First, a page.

This past March when I went to India for a very short visit before all the pandemic broke lose, I got an opportunity to go the Telangana Handloom Expo that was happening at the same time. That is where I saw this saree in one of the booths, I fail to remember from which part the country that particular booth was though. 

A friend of mine, Pratibha Pal, mentioned that this print is called as Warli Print, a tribal art by the tribal people from the Northern Sahyadri Range in Maharashtra, India. I am guessing the booth was by some vendors who represented these tribal art. I only wish I had taken the name and region they represented since Northern Sahyadri Range encompasses so many districts.

However, this saree was hanging on one corner of the wall and it caught my attention immediately. Loved it so much that it is now in my closet.

Collapse )
Me

Movie Critique – West of Zanzibar

Stars: 4 / 5

Recommendation: A masterpiece by Browning with some excellent performances from great names such as Chaney, Barrymore and Nolan, an entertaining movie bordering on horror and cruelty of one human against another, giving viewers shivers and shudders.

West of Zanzibar is a 1928 American silent film starring Lon Chaney, Lionel Barrymore and Mary Nolan. Based on a 1926 Broadway play called Kongo, this film was directed by Tod Browning. The Broadway play had Walter Huston in the lead role. Huston also starred in the 1932 adaptation of the play into a sound movie with the title Kongo. 

A crippled magician, Phroso "Dead Legs" (portrayed by Lon Chaney) builds an elaborate plan to take revenge on his rival, Crane (portrayed by Lionel Barrymore), who had usurped with his wife, Anna (portrayed by Jacqueline Gadsden) and left him to dead. 

I just finished watching Browning's 1929 The Thirteenth Man which was released a year after this movie was released. How different both are including the genre when the director's touch had been the same. Except though I noticed that in both the films, were distributed by MGM and the opening credits were printed on a backdrop that are very similar. Perhaps MGM insisted on using the same template for several of their films. 

Collapse )
Me

Movie Critique – The Thirteenth Chair

Stars: 4 / 5

Recommendation: Seventy two minutes of fun and entertainment all the while solving two murders, and exposing the true nature of all the thirteen people involved.

The Thirteenth Chair is a 1929 American pre-Code mystery film starring Conrad Nagel, Leila Hyams and Margaret Wycherly in the lead roles. Based on the 1916 play of the same name by Bayard Veiller, the film was directed by Tod Browning.

Collapse )
Me

Movie Critique – Peeper

Stars: 3 / 5

Recommendation: As bumbling and stumbling the private investigator is in the film, so is the plot, getting muddled up. Entertaining if you want to watch on a DVD or on TV, a mild spoof on the film noir doesn’t disappoint you though.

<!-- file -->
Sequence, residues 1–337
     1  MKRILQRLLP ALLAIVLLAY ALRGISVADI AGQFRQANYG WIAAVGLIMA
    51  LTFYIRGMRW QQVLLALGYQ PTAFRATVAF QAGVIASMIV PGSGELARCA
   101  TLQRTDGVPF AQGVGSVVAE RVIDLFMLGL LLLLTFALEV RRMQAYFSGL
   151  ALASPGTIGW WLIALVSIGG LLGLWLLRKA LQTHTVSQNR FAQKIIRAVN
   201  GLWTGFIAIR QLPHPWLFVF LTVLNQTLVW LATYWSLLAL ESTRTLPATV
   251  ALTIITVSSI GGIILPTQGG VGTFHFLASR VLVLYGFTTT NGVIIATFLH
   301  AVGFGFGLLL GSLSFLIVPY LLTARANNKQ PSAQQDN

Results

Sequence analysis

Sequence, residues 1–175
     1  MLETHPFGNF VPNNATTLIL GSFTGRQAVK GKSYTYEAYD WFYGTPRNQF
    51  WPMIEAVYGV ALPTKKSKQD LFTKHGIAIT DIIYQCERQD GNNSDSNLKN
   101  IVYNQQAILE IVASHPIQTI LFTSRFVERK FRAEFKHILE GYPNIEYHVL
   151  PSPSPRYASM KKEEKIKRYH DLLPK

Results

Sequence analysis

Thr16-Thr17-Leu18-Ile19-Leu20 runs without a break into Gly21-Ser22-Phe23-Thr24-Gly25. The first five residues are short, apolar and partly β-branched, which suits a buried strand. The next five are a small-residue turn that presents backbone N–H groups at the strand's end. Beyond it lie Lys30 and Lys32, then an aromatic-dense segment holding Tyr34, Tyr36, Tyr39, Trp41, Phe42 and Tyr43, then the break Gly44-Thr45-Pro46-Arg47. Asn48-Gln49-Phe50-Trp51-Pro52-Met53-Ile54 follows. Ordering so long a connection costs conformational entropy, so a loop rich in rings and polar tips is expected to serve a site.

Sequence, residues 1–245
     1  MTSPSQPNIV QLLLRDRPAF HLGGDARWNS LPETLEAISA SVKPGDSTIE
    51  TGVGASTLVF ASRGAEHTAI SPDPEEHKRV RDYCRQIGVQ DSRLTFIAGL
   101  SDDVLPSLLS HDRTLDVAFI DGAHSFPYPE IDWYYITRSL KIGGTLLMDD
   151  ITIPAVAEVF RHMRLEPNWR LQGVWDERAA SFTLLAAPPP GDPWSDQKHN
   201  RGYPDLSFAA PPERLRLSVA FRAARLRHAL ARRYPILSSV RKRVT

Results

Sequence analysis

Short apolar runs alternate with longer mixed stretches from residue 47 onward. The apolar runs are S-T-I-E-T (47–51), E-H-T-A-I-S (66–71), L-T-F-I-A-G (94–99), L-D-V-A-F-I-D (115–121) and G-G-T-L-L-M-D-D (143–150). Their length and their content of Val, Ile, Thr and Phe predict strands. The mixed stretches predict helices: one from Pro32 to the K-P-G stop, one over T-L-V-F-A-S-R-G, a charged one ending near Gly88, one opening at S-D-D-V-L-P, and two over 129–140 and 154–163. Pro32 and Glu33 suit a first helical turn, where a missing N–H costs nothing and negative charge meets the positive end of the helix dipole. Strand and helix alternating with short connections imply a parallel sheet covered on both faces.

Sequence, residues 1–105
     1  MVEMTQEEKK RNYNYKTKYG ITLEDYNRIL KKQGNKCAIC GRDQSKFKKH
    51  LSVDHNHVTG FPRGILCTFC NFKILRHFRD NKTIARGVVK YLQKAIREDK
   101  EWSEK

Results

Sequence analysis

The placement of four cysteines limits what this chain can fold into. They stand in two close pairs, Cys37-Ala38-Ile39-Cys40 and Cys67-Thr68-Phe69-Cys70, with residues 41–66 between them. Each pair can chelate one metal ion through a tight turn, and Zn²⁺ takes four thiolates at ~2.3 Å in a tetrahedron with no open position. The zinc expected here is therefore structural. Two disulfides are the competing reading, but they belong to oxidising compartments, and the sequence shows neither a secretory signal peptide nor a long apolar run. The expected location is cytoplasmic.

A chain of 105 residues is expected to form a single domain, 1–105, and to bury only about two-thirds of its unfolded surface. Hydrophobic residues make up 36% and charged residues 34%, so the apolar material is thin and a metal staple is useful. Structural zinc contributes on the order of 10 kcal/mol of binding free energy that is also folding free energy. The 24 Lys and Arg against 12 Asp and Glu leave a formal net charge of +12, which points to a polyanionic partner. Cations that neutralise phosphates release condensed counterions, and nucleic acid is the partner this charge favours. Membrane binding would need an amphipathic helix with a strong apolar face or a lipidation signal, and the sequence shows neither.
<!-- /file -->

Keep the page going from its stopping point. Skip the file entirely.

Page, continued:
Peeper is a 1975 American comedy-mystery film starring Sir Michael Caine and Natalie Wood in the lead roles. Directed by Peter Hyams, the film was a parody on the film noir style of Hollywood film that was famous in the 1940s and 1950s. 

We see one of those crazy credits in this film. Instead of being printed or typed on film, they are spoken by Humphrey Bogart impersonator Guy Marks. 

Collapse )
Me

Movie Critique – The Maltese Falcon

Stars: 5 / 5

Recommendation: A very entertaining murder mystery coupled with treasure hunt leading to some heartaches, some no-nonsense talks, more of push and shove with muscles and considerable loss in every manner. Each and every character perfectly executed with no room for boredom, repetition or drag. 

The Maltese Falcon is the 1941 directorial debut film noir by John Huston based on the 1930 novel of the same name by Dashiell Hammett. The film introduced Hammett's private eye, Sam Spade, to silver screen; a character immortalized by Humphrey Bogart on screen. Among other star cast, we see Mary Astor in a femme fatale role of Brigid O'Shaugnessy, Gladys George as Iva Archer; Peter Lorre as Joel Cairo; and Sydney Greenstreet as Kasper Gutman. 

Sam Spade and Miles Archer, a pair of San Francisco private investigators are approached by Ruth Wonderly who is looking for her missing sister who was involved with a man named Floyd Thursby. A simple case of finding a missing person turns into a hunt for a mysterious falcon statue and three unscrupulous antagonists that Spade and Archer face along, while dealing with murder along the way.

Collapse )
Me

Movie Critique – A Streetcar Named Desire

Stars: 5 / 5

Recommendation: Having not read the book yet, I can still say that it has been adapted into a fantastic film with some superb action by all the cast members. If you haven't watched it yet, add it to your list immediately.

A Streetcar Named Desire is a 1951 American drama film adapted from Tennessee William's 1947 book of the same name. While the book one a Pulitzer Prize to Williams, the movie won four Academy Awards (Best Actress, Best Supporting Actor, Best Supporting Actress and Best Art Direction Black & White) among other awards. This became the fifth biggest hit of the year. Although based on the play and book, the film had considerable changes. 

Blanche Dubois (portrayed by Vivien Leigh), a middle-aged high school teacher comes to New Orleans to live with her sister, Stella (portrayed by Kim Hunter) & brother-in-law Stanley Kowalski (portrayed by Marlon Brando) seeking refuge. But her personal losses, issues from her past and her secrets slowly start creeping into her new life, seeping also into the lives of her benefactors who have been giving her shelter.

Screenplay for the film was a collaborative effort between Williams himself along with Oscar Saul and the director, Elia Kazan. Dialogues of the film have become household lines, some of them being:

"Whoever you are, I have always depended on the kindness of strangers,".
"Stella! Hey, Stella!"
Collapse )